Explain why the water remains in the bucket instead of getting the teacher wet.?
A teacher fills a bucket half-way with water and attaches a thin rope to the bucket’s handle. The teacher swings the bucket in a circle above his head.
- 2 months ago
If anything has a force acting on it towards the center of a circular path equal to F, and it has a perpendicular constant velocity to that force in the plane of the circle equal to √(F•r/m) where r is the radius of the circular path and m is the mass of that thing, then it will move with a circular motion. Any speed less than that and the water will fall out the bucket.
- oubaasLv 72 months ago
Centrifugal force CF = m*g*V^2/r ...or m*g*ω^2*r
- D gLv 72 months ago
swinging the bucket gives the water velocity and the direction change caused by the rope pulling the bucket down give the water acceleration the gravity is also pulling down but the bucket is being pulled back by the rope but the water inside the bucket keepts trying to move striaight and that is why the water stays in .. you can see if the teacher holds the bucket over his head the water drops on him if the bucket is open downward because there is no motion of the water moviing up..
- JimLv 72 months ago
It's called acceleration.
Gravity is one type of acceleration, but this can be overcome by centripetal movement.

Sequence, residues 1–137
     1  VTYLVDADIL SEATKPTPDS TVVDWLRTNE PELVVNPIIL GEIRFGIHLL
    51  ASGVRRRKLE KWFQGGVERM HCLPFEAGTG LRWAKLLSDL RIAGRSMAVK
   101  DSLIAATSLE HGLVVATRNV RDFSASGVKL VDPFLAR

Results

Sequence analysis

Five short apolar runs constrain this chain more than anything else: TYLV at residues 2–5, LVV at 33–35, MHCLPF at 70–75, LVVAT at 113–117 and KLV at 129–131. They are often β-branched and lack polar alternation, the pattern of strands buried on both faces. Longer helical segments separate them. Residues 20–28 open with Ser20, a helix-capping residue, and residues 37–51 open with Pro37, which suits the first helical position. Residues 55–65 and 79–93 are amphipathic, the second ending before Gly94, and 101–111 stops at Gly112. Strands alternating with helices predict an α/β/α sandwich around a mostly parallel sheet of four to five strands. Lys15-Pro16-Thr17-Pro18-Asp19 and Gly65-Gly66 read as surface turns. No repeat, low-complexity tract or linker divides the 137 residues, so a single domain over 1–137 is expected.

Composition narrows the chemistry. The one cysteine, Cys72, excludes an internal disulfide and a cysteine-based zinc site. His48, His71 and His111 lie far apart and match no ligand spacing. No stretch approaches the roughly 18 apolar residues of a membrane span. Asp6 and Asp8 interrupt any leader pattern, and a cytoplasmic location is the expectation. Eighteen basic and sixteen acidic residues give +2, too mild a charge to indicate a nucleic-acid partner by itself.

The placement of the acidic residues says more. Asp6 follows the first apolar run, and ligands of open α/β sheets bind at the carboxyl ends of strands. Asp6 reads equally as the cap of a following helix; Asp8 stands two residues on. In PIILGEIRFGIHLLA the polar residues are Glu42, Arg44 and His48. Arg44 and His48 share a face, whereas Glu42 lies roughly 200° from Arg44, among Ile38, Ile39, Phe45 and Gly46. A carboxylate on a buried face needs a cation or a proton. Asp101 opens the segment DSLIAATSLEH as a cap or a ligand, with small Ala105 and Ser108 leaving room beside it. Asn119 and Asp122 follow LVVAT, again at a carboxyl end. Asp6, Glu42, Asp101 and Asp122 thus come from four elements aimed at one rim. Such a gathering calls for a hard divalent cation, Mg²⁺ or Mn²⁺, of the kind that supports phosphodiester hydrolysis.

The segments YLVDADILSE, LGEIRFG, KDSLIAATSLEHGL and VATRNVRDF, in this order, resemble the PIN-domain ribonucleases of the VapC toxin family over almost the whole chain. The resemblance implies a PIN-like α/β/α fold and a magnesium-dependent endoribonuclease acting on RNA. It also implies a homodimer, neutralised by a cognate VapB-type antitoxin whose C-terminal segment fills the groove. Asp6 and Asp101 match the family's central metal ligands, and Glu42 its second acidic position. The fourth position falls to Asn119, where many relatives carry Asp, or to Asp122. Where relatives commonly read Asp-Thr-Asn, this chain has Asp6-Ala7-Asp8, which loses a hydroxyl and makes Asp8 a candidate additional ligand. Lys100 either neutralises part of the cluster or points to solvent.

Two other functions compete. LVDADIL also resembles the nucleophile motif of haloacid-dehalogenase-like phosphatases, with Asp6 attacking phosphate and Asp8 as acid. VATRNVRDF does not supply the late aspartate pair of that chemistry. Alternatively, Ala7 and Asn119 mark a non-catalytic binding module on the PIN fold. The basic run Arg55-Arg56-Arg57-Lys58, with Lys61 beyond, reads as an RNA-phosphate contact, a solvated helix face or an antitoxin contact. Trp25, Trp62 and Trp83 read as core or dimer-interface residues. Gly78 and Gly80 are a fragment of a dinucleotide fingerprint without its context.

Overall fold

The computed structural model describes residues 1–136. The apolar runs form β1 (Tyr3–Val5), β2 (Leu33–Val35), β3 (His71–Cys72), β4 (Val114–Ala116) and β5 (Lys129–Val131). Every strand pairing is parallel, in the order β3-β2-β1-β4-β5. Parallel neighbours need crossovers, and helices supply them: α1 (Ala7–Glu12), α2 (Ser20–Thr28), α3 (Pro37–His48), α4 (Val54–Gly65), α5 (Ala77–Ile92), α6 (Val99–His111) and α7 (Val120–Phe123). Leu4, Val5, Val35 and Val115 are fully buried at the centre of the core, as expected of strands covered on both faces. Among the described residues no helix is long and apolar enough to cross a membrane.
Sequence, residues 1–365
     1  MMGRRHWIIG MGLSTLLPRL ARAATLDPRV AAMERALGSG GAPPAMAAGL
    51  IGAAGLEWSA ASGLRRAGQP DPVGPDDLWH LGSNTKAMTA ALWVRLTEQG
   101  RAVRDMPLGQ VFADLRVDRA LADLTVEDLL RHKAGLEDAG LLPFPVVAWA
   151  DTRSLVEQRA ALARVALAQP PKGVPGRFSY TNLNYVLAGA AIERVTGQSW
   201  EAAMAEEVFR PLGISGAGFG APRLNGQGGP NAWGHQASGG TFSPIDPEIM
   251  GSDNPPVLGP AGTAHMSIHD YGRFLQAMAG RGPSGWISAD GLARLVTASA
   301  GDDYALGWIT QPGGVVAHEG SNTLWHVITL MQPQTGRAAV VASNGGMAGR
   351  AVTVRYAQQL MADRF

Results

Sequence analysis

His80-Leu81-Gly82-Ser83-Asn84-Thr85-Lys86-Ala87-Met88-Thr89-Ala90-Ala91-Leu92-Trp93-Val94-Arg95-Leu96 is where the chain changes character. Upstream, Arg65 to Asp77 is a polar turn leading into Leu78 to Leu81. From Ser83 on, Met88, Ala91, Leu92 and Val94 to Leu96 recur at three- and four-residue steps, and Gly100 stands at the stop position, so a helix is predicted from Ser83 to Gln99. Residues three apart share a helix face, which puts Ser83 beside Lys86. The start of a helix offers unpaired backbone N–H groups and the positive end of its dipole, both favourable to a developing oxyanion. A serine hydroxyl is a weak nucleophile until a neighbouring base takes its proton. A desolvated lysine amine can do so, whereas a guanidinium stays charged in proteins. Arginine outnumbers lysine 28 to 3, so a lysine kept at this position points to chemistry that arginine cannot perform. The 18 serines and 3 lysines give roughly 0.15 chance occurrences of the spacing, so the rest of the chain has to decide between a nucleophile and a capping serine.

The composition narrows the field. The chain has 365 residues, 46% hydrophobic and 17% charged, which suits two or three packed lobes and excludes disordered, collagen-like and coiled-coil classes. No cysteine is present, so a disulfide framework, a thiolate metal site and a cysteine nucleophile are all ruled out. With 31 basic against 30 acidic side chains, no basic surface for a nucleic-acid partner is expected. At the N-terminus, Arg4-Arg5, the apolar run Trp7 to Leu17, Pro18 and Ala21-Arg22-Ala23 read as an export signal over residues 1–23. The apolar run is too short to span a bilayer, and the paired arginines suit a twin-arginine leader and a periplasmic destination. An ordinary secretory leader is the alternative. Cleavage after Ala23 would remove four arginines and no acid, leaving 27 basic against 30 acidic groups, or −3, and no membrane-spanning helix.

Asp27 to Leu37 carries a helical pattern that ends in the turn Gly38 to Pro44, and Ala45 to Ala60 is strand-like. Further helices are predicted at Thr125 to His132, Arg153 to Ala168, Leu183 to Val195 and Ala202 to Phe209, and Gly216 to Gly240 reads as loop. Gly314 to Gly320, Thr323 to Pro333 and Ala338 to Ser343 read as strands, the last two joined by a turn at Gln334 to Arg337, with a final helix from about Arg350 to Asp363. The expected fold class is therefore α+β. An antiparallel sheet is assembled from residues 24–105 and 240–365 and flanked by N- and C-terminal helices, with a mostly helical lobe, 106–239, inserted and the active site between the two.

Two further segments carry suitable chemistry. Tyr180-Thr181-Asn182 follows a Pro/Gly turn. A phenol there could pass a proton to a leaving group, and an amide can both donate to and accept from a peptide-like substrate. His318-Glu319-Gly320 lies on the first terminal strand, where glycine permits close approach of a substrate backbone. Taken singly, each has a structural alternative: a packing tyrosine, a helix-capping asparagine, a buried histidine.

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- PhilomelLv 72 months ago
Really hard water !
- ignoramusLv 72 months ago
The question is very badly worded. It is highly ambiguous. When it says "swings the bucket in a circle above his head", does that mean that the circle is in a vertical plane, with the bucket actually upside down at the top of the circle, as the other two respondents seem to assume ?
OR does it mean that the bucket is being swung in a HORIZONTAL circle around the teacher's head? I lean towards this interpretation. But the answer is basically the same - CENTRIPETAL force to keep the bucket plus contents moving in a circle, instead of flying off at a tangent.
Motion in a circle requires a force towards the centre to keep the object, or whatever, constrained to move in the circle. This produces the apparent outward force (or centrifugal force in common parlance) which is how artificial gravity is produced, as in a rotating spacecraft - or in a spin dryer. It is the artificial gravity force which keeps the water in the bucket.
- ?Lv 72 months ago
I disagree with the wording of the other two answers. At the top the water is falling. But the bucket is being pulled down by the rope. As long as the bucket is accelerating at a greater rate than the water there is no relative downwards motion. If you permit the rope to go slack the results can be different and interesting. The bucket and water execute a parabolic (horizontal) motion drenching my students instead.
- Mr. SmartypantsLv 72 months ago
If the bucket is swinging fast enough, the water stays in the bucket through centrifugal force. Which is also what keeps the bucket at the end of the rope, rather than falling when it goes upside-down.
Centrifugal force is related to inertia. The water and the bucket are moving and want to keep moving in a straight line. This is an example of Newton's first law, that an object in motion tends to stay in motion unless acted on by an external force. In this case the external force is the rope. If the rope broke, the bucket full of water would want to fly off in a straight line, in whichever direction they were going at that instant.
- BarryLv 62 months ago
Centrifugal force keeps the water in the bucket. He gets wet when he gets tired.